Estate planning for families with a special needs family member – someone who is physically or mentally disabled or intellectually limited – is critical because many assistance programs are facing cuts or benefits cut-backs.
The easiest form of planning is to create either a testamentary (inherited) special needs trust (SNT) as part of your Will or Living Trust, or a ‘stand alone and waiting’ special needs trust to receive gifts as well as inheritances.
For persons with disabilities who inherit property or funds outright, there is still the opportunity to legally protect these funds with a paybackSNT. But for many years, veterans-related survivor benefits could not be legally sheltered in an SNT for a disabled child. Members of the military can elect to defer a portion of their retirement pay so that when they pass away, a surviving spouse or a dependent child can receive a significant portion of the retirement payments. But, for a disabled child receiving SSI or Medicaid, this could jeopardize eligibility.
But all that changed in January 2016, when part of the National Defense Authorization Act of 2015 (NDAA) made it legally possible to shelter the retirement pay for the benefit of a disabled child. The NDAA allows a payback SNT (or a nonprofit’s pooled trust) to be designated to receive the benefit for the special needs child (or special needs child who is now an adult).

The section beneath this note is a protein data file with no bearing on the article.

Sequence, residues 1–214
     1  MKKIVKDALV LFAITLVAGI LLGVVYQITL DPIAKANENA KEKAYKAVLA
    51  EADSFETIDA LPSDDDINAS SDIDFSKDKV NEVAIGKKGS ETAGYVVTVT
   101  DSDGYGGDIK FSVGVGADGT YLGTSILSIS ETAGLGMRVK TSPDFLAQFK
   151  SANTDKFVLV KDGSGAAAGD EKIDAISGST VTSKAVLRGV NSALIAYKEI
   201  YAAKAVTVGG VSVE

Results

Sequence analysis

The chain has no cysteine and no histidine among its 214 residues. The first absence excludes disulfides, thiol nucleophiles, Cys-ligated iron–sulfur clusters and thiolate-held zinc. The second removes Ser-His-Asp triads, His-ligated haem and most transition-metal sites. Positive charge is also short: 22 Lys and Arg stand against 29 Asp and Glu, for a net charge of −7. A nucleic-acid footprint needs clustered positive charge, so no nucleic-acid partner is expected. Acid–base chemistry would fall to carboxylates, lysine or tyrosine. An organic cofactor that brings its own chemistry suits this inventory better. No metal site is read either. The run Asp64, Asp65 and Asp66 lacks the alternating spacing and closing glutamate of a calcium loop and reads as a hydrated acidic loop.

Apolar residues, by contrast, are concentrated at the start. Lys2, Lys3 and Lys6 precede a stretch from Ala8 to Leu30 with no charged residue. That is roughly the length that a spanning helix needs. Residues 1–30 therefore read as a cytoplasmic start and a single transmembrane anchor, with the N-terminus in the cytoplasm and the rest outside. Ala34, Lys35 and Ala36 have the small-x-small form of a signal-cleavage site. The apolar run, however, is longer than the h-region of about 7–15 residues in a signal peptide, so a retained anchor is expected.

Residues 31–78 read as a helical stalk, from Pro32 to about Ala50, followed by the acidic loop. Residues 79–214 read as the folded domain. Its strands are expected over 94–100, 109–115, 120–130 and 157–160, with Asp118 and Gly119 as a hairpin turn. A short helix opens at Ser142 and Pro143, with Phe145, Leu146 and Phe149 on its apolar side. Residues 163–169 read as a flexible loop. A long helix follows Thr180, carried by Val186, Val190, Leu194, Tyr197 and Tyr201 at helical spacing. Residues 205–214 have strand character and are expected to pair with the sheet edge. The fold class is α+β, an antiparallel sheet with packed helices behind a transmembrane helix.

NDAA policy guidelines were released on December 31, 2015. The statute does not apply to disabled spouses.
If the military member already selected the disabled child as beneficiary (prior to the 2015 NDAA law), he or she is now permitted to make a one-time election to change the child beneficiary to a supplemental needs trust or pooled community trust (a substitution of beneficiary election).
If the military member died during active duty (or inactive duty but in the line of duty) but had not yet made the beneficiary election, a parent, grandparent or court-appointed legal guardian may make the election to have the benefit paid to the SNT for the child.
Members of the military and their families can find instructions and directions at http://www.moaa.org.